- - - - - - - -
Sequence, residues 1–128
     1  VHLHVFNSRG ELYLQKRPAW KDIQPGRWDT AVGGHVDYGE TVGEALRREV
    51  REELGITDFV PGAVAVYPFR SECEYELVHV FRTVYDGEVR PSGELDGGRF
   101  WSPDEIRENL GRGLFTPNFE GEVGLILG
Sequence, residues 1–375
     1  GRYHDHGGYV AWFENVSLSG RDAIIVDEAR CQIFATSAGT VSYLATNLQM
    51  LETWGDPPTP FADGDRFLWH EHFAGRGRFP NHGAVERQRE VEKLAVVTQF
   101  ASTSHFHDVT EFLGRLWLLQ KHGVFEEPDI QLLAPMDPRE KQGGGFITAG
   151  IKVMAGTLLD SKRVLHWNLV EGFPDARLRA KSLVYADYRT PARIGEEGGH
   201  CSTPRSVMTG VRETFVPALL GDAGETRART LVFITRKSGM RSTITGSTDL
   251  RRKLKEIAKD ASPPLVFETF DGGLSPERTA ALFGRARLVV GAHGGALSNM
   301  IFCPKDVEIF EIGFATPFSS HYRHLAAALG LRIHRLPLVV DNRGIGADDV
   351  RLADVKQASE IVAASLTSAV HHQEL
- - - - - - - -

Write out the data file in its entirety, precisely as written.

Sequence, residues 1–128
     1  VHLHVFNSRG ELYLQKRPAW KDIQPGRWDT AVGGHVDYGE TVGEALRREV
    51  REELGITDFV PGAVAVYPFR SECEYELVHV FRTVYDGEVR PSGELDGGRF
   101  WSPDEIRENL GRGLFTPNFE GEVGLILG
Sequence, residues 1–375
     1  GRYHDHGGYV AWFENVSLSG RDAIIVDEAR CQIFATSAGT VSYLATNLQM
    51  LETWGDPPTP FADGDRFLWH EHFAGRGRFP NHGAVERQRE VEKLAVVTQF
   101  ASTSHFHDVT EFLGRLWLLQ KHGVFEEPDI QLLAPMDPRE KQGGGFITAG
   151  IKVMAGTLLD SKRVLHWNLV EGFPDARLRA KSLVYADYRT PARIGEEGGH
   201  CSTPRSVMTG VRETFVPALL GDAGETRART LVFITRKSGM RSTITGSTDL
   251  RRKLKEIAKD ASPPLVFETF DGGLSPERTA ALFGRARLVV GAHGGALSNM
   301  IFCPKDVEIF EIGFATPFSS HYRHLAAALG LRIHRLPLVV DNRGIGADDV
   351  RLADVKQASE IVAASLTSAV HHQEL